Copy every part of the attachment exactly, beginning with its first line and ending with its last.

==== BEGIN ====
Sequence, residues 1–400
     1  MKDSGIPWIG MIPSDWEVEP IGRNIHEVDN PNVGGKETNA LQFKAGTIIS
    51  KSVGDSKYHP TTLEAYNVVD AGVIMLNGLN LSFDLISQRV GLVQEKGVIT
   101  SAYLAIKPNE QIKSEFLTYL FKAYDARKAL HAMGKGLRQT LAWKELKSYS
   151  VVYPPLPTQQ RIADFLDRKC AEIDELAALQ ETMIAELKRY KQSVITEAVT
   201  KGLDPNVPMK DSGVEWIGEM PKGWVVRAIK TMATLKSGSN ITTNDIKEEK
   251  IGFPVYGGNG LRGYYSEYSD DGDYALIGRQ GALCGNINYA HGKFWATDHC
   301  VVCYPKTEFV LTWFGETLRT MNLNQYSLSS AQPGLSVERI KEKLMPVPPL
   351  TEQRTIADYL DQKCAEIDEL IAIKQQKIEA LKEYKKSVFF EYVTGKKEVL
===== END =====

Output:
Sequence, residues 1–400
     1  MKDSGIPWIG MIPSDWEVEP IGRNIHEVDN PNVGGKETNA LQFKAGTIIS
    51  KSVGDSKYHP TTLEAYNVVD AGVIMLNGLN LSFDLISQRV GLVQEKGVIT
   101  SAYLAIKPNE QIKSEFLTYL FKAYDARKAL HAMGKGLRQT LAWKELKSYS
   151  VVYPPLPTQQ RIADFLDRKC AEIDELAALQ ETMIAELKRY KQSVITEAVT
   201  KGLDPNVPMK DSGVEWIGEM PKGWVVRAIK TMATLKSGSN ITTNDIKEEK
   251  IGFPVYGGNG LRGYYSEYSD DGDYALIGRQ GALCGNINYA HGKFWATDHC
   301  VVCYPKTEFV LTWFGETLRT MNLNQYSLSS AQPGLSVERI KEKLMPVPPL
   351  TEQRTIADYL DQKCAEIDEL IAIKQQKIEA LKEYKKSVFF EYVTGKKEVL